Sandwiches to pack for a picnic this summer
146
views
The best meals between two slices of bread to take on your outdoor adventures this summer.

Sandwiches to pack for a picnic this summer

Even though people may be out and about in the city — dining at restaurants and drinking at bars — more this summer than last the late-summer trip to the mountains for a hike, to the desert for sight-seeing or a drive to the beach for a relaxing nap on the sand is still a lure to escape the newly crowded streets. And with all that road tripping to (sometimes) remote locales, you might have trouble finding some good food. The solution is to always pack a good sandwich for the road, preferably one that gets better the longer it sits.

For something cold and refreshing, I love these artichoke tea sandwiches, which are tangy and bright and go down easy between sprints to and from the crashing waves.

For early morning trips, I love these smashed potato sandwiches, which fill the role of a breakfast sandwich but without the hassle of scrambling eggs when you’re trying to head out the door before the sun rises.

For warmer, more hearty fare, I love these fried pork sandwiches, complete with a spicy green sauce, and fried chicken sandwiches with chili crisp mayo. Both are great hot, but ironically taste even better when wrapped in foil for steaming, allowing them to become one with the bread by the time you unfurl the wrapping on top of a steep rock.

And for the most classic “let this sit for a long time and it gets better and better” sandwich, there’s the muffuletta. The olive and pickle salad soaks into the chewy Italian loaf and melds with the salty cured meats and cheeses, becoming more tender and flavorful the longer it sits, whether that’s one hour or four. If you get lost en route to your destination, you can relax knowing that your lunch is just getting better the longer your GPS tries to figure out where on earth you are.

The key to these sandwiches is serving them ice cold from the fridge, so store them there until just ready to serve. And while squishy sandwich bread works best here because it stays moist under refrigeration, you can use any type you like, or even serve the sandwich filling open-faced on toast. If you want to make the sandwiches vegan, simply use vegan mayonnaise.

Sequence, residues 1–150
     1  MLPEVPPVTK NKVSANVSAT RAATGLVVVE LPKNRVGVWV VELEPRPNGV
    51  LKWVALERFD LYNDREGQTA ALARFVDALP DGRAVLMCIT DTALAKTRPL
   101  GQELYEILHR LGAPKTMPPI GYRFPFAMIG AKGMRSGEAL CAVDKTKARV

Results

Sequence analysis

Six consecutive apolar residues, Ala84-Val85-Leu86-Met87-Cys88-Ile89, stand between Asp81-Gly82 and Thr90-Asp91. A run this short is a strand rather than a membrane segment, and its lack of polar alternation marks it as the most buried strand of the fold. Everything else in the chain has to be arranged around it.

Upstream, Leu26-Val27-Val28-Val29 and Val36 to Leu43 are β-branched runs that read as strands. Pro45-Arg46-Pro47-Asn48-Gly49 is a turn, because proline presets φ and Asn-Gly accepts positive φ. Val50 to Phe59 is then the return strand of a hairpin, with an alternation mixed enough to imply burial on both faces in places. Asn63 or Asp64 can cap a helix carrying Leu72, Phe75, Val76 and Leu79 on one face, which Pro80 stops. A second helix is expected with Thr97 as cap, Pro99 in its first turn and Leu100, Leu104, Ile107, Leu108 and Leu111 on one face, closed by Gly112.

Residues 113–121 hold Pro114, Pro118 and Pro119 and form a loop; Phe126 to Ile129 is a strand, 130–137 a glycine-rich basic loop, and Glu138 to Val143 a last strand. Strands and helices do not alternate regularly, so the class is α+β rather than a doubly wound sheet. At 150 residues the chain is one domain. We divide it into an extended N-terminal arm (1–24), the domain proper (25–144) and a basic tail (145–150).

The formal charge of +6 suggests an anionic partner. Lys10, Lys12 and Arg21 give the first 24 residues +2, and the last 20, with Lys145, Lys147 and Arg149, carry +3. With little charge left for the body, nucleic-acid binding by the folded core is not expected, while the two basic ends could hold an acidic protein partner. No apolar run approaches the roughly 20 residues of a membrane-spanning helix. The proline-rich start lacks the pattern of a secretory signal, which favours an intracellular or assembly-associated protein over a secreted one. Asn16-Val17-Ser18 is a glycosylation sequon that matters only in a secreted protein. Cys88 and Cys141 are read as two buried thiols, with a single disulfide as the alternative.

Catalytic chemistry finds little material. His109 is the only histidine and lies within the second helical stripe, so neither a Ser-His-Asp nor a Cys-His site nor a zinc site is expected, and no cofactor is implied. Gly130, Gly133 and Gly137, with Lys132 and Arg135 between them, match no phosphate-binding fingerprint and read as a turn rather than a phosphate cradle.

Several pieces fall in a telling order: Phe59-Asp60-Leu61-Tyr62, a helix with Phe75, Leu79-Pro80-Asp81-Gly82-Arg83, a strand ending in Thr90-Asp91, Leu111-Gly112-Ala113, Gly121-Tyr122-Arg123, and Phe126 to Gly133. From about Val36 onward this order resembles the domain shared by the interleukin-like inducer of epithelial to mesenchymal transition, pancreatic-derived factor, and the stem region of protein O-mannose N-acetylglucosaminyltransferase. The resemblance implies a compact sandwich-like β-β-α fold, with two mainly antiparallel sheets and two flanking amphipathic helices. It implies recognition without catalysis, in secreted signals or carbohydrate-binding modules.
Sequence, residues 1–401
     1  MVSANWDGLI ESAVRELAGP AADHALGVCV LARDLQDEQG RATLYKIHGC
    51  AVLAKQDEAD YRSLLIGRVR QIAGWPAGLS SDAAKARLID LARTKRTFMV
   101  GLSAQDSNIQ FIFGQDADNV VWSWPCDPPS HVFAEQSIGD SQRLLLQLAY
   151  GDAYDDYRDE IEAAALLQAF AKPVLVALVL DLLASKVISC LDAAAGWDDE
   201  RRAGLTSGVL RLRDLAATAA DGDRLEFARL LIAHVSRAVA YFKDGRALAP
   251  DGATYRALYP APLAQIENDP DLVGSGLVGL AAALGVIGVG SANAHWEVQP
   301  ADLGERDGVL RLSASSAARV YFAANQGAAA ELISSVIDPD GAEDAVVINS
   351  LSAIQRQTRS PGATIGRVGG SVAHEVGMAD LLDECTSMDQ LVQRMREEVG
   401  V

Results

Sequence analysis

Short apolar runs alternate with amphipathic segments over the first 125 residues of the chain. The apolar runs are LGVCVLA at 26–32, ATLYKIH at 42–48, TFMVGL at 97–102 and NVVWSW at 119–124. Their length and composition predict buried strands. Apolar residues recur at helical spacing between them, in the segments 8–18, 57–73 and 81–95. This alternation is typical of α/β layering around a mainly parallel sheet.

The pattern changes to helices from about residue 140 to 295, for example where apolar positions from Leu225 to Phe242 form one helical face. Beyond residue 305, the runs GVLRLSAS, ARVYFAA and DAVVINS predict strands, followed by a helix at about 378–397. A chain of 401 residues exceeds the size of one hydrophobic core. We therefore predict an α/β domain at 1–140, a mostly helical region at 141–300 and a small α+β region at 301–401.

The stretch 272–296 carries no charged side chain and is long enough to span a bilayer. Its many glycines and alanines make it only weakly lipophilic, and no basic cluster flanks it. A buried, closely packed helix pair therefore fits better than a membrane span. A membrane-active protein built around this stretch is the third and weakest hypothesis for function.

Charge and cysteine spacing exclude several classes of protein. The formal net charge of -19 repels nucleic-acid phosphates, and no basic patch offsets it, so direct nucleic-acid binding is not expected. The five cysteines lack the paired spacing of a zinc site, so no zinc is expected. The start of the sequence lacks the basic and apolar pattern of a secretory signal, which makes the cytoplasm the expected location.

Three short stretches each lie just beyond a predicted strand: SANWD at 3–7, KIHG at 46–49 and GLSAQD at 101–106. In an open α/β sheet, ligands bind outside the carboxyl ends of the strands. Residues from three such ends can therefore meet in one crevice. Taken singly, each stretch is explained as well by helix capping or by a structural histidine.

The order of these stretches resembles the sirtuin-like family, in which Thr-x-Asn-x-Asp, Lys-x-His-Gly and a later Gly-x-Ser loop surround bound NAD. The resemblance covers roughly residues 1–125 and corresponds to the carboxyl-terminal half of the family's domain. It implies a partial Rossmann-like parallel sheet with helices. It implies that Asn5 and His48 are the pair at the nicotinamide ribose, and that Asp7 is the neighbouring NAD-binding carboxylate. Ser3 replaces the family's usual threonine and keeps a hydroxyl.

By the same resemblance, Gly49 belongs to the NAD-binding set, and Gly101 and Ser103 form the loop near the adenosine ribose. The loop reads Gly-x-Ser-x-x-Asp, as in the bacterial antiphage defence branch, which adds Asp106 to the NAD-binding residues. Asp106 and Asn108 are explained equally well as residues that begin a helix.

Get the recipe.
Cook time: 30 minutes.

These simple pantry sandwiches deliver a hit of spice and the occasional crackle of crunchy potato skin between soft bread. Inspired by northern Indian aloo sandwiches, this version swaps smashed roasted potatoes for mashed boiled ones. If you happen to have fresh green chiles or cilantro on hand, chop them up and sprinkle them over the potatoes. And if you stock chutneys, you can smear those on the buns too.

Get the recipe.
Cook time: 50 minutes.

Chunks of leftover roasted pork shoulder are pan-fried and then topped with Peruvian pickled onions known as salsa criolla and maduros, which are fried sweet plantains. For the bread, use the standard 7- to 8-inch-long rolls for Cuban sandwiches: tubular like a French baguette, but without pointed ends. They are of the soft white-bread texture, so no artisanal sourdoughs here, please. In a pinch, you could use a Kaiser roll, banh mi roll or another feathery white bread bun.

Get the recipe.
Cook time: 20 minutes.

You can personalize this sandwich any way you like as long as you keep the key elements: soft sweet bun, mayonnaise mixed with something spicy, a flat boneless piece of fried chicken and some pickled vegetables. Swap chipotles in adobo for the chili crisp, try an ensaymada for the bread, use leftover restaurant fried chicken or double the spice with pickled jalapeños.

Get the recipe.
Cook time: 10 minutes.

A loaf of soft Italian bread is sliced in half, dressed with a pungent olive salad and layered with cured meats such as mortadella and salami with plenty of provolone. The oily olives help the sandwich adhere when it’s cut into wedges. Make sure to leave plenty of time for it to sit and marinate to blend the flavors.

Get the recipe.
Cook time: 1 hour.

YOUR REACTION?


You may also like

Facebook Conversations



Disqus Conversations